UNDERSTANDING THE MYSTERIOUS WORLD OF THE DARK WEB

by Chris Cowen, Cyber Security Expert, US Dept. of Defense

So what is this Dark Web everyone is talking about?

So in order to understand the Dark Web we need to put it within the content of the larger web. There are basically three parts to the world wide web. They are as follows the surface web, the deep web, and the Dark Web.

The surface web is everything that’s publicly available and accessible through the search or by typing a URL into your browser. The deep web, also known as the invisible web, is all the content on the web that is not indexed by standard search engines, such as email clients, online banking websites, or pages that are inaccessible to crawlers (software that indexes the web for search engines). Some of those pages can still be accessed if you have the URL while others require you to have login credentials. According to expert estimates, the deep web is 500 times larger than the surface web.

The Dark Web, however, is a totally different beast. The Dark Web is a tiny fraction of the web that is only accessible through specialized software such as the Tor browser. However, the term “Dark Web” is also often used to refer to the darknet, the overlay networks that are used to anonymize communications and obfuscate both the origin and destination of internet traffic.

So now that we know what the Dark Web is who uses it?

The main characteristic of the Dark Web is its anonymity, which makes it appealing to a number of actors. Like all innovative tools, the Dark Web is an instrument to shady and illegal activities, such as child pornography and the sale of drugs, firearms, and stolen credit card numbers.

One of the most famous cases that involve the Dark Web is that of Silk Road, the first modern online black market that was created on the Dark Web. The website was shut down in 2013 and its founder is serving a life sentence in prison. Naturally, many other similar websites have sprouted in recent years. Earlier this year, AlphaBay, another Dark Web marketplace claimed that it made $600,000 and $800,000 a day, but has since been shut down by law enforcement.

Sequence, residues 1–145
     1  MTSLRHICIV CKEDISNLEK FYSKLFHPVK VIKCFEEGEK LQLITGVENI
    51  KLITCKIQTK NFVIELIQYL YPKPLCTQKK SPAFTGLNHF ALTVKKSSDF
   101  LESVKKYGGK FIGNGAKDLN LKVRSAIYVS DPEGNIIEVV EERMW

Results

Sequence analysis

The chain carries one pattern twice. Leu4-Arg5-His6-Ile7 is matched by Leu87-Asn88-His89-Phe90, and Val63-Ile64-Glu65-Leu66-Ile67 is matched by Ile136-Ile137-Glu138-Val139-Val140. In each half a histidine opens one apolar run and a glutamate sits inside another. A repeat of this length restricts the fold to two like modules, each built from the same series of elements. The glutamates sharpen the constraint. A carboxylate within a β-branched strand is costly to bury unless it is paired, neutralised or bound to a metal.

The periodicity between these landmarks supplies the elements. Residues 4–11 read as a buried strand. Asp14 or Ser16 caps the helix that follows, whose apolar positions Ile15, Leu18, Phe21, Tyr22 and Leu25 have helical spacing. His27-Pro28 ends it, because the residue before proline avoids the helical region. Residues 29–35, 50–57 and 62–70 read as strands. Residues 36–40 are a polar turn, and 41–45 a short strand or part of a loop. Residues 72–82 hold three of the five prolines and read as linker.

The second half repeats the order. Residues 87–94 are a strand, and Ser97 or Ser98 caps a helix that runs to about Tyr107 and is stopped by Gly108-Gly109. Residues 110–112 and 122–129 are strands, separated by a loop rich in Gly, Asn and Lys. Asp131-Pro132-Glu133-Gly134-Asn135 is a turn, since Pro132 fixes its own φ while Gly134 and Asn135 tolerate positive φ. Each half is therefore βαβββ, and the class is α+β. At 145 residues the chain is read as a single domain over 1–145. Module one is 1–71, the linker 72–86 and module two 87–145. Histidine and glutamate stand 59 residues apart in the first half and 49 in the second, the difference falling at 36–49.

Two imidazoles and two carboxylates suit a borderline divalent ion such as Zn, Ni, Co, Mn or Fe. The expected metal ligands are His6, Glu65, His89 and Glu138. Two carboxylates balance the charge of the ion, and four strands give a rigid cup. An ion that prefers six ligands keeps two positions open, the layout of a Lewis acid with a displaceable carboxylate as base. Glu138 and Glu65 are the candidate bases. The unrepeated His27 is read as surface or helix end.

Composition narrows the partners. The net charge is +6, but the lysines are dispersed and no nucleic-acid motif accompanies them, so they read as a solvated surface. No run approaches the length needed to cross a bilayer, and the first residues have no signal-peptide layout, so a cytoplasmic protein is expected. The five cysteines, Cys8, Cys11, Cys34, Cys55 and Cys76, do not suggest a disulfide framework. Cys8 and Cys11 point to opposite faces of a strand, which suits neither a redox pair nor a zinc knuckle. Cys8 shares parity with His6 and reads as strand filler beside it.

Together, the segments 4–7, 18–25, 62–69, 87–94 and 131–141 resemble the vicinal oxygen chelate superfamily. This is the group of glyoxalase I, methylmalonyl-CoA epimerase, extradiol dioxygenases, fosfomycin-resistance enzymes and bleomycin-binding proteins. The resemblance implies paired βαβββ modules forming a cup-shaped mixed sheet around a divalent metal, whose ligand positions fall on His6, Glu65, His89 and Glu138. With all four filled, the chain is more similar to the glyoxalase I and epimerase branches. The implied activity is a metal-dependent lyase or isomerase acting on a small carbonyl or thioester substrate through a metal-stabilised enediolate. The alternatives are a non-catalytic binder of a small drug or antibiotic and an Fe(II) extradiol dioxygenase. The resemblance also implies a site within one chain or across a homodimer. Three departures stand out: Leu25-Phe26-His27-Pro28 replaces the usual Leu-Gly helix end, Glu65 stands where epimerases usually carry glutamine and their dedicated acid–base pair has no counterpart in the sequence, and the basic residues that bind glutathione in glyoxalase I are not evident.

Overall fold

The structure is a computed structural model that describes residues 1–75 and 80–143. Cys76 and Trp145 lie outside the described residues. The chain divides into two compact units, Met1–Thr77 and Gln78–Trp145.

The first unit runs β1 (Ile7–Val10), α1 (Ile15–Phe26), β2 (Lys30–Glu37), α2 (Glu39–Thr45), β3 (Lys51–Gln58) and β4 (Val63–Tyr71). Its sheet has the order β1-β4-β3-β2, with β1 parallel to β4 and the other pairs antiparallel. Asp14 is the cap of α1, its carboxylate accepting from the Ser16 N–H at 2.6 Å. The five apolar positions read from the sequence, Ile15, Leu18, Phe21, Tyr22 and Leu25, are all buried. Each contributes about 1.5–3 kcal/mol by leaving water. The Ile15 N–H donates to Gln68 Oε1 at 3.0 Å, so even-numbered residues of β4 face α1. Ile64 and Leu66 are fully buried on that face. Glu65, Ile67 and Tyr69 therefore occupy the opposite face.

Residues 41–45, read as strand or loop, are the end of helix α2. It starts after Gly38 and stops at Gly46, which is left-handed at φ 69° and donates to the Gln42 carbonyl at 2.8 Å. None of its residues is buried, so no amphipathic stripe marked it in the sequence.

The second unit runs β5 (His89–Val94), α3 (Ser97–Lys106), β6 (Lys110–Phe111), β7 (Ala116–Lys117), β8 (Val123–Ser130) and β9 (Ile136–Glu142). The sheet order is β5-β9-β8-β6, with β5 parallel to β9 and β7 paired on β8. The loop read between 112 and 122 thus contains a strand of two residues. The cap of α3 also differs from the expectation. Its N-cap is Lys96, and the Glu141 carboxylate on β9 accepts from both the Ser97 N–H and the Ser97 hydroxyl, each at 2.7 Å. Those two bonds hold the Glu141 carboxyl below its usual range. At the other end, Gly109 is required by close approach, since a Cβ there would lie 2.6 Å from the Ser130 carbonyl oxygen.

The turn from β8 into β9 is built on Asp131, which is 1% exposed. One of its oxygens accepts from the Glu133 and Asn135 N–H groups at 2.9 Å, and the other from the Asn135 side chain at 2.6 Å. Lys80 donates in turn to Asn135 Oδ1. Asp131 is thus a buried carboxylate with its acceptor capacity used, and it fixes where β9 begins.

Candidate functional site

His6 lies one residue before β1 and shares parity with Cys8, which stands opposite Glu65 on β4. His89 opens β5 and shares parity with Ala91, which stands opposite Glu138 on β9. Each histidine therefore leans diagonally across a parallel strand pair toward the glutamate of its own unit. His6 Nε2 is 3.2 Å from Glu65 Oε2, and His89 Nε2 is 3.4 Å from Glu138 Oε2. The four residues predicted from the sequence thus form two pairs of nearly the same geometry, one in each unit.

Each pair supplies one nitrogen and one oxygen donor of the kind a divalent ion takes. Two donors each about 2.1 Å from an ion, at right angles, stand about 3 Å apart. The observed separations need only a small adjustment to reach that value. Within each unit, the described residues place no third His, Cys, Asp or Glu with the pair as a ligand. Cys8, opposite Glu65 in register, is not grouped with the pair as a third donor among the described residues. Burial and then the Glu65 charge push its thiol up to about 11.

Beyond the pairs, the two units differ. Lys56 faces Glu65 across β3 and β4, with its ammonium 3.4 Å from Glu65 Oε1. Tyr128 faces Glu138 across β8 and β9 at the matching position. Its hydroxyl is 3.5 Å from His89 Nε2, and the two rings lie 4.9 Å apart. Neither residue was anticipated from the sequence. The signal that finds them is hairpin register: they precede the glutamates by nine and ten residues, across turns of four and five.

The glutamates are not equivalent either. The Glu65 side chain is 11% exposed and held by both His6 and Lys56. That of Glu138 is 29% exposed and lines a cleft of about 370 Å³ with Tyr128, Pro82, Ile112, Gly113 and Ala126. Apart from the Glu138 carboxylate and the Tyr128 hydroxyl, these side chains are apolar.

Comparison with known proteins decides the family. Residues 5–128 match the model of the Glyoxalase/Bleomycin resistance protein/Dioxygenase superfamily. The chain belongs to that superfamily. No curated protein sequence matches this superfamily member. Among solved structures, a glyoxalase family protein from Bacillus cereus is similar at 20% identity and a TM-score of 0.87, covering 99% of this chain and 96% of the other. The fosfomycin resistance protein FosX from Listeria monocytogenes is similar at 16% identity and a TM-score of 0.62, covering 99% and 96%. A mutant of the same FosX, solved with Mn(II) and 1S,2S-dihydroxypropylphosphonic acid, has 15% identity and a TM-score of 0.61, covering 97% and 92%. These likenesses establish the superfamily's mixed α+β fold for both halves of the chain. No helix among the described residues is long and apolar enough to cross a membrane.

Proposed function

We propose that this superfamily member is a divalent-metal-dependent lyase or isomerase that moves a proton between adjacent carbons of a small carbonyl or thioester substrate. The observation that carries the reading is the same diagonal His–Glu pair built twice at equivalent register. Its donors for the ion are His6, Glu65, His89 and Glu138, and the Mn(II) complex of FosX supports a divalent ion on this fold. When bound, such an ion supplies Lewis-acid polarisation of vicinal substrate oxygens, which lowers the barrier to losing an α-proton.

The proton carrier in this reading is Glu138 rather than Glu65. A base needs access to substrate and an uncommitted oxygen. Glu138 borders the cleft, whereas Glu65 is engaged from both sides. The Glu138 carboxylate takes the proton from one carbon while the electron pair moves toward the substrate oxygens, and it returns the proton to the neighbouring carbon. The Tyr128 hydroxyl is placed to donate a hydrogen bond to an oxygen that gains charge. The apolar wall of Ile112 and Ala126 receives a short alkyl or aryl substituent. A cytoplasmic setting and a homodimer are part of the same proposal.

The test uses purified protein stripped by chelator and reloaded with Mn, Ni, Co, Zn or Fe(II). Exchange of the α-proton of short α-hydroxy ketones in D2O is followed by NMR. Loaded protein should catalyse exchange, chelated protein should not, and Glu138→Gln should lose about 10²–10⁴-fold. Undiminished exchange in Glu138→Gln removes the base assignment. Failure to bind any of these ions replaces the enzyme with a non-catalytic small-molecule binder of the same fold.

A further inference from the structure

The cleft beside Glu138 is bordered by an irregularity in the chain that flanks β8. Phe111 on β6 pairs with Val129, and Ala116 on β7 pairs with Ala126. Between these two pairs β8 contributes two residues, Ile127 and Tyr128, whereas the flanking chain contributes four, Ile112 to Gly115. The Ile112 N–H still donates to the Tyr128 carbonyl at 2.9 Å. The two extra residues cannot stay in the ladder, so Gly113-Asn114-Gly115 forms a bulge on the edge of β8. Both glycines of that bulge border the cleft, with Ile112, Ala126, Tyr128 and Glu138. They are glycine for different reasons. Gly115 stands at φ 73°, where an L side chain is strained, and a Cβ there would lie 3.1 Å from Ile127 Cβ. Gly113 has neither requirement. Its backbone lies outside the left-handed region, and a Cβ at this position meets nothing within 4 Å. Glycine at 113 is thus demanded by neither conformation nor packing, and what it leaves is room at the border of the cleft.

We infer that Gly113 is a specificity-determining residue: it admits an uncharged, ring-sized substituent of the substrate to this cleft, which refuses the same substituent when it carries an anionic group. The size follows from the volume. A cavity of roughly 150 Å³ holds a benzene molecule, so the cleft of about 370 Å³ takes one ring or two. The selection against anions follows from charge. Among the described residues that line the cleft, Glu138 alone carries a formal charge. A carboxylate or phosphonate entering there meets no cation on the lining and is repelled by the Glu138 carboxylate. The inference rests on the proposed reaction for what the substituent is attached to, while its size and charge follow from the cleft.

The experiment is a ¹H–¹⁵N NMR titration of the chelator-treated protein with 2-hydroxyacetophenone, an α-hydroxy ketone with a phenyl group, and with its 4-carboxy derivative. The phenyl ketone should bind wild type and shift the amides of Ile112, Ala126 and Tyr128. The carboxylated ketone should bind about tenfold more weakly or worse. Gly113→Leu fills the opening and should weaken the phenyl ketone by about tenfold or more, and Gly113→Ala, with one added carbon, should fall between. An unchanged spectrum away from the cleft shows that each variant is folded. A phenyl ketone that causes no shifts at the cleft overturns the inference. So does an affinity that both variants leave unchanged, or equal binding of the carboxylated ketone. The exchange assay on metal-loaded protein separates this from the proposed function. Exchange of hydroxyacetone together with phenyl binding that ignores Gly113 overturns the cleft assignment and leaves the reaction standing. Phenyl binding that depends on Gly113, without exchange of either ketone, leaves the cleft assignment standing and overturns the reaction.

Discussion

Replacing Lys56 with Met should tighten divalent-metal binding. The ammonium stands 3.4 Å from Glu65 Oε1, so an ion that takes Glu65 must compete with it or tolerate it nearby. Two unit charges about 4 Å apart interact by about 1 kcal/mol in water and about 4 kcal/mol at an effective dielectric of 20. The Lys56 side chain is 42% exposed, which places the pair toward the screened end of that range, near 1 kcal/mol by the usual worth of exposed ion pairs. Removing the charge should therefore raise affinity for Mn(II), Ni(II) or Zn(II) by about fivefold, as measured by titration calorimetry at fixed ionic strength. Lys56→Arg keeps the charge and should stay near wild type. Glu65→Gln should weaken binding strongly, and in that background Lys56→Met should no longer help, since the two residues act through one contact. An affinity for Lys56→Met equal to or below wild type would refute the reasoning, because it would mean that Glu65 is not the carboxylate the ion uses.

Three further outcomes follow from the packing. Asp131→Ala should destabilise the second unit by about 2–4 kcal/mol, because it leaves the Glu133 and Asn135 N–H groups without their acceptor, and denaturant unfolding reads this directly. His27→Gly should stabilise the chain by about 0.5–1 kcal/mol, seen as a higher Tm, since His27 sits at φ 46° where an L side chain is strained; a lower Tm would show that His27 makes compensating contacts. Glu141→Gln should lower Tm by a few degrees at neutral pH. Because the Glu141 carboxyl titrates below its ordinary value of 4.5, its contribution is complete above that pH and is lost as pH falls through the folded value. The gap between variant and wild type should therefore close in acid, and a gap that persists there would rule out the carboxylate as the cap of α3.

However, the Dark Web is also being used for many other activities that are most legitimate (though not necessarily legal, depending on your perspective). Edward Snowden, the famous whistleblower who exposed the U.S. government’s mass surveillance program, used the Dark Web to send information to reporters and media outlets. Journalists and activists also use the Dark Web to avoid being traced by autocratic governments or other actors that might want to harm them. In countries where the government restricts access to specific websites and social media networks such as Facebook, Twitter, and YouTube, Dark Web tools can help circumvent censorship.

So how do people access the Dark Web?

The most famous tool to get on the Dark Web is the Tor browser. With Tor, you can access websites whose address ends with the .onion extension. These are websites that are exclusively available on the Dark Web and can’t be accessed through normal browsers. Tor enables you to access all the other surface and deep websites with the added benefit that it anonymizes your browser traffic by encrypting it and deflecting it across several computers called Tor nodes before sending it to its destination.

However, there are several things you should know about Tor:

• Tor’s browsing experience is considerably slower than normal browsers because of the anonymization technique.

• Some websites block traffic coming from Tor browser.

• While Tor protects you from eavesdropping and surveillance, it won’t protect you from websites that contain malicious content.

Navigating the Deep Web and Dark Web

Traditional search engines often use “web crawlers” to access websites on the Surface Web. This process of crawling searches the web and gathers websites that the search engines can then catalog and index. Content on the Deep (and Dark) Web, however, may not be caught by web crawlers (and subsequently indexed by traditional search engines) for a number of reasons, including that it may be unstructured, unlinked, or temporary content. As such, there are different mechanisms for navigating the Deep Web than there are for the Surface Web.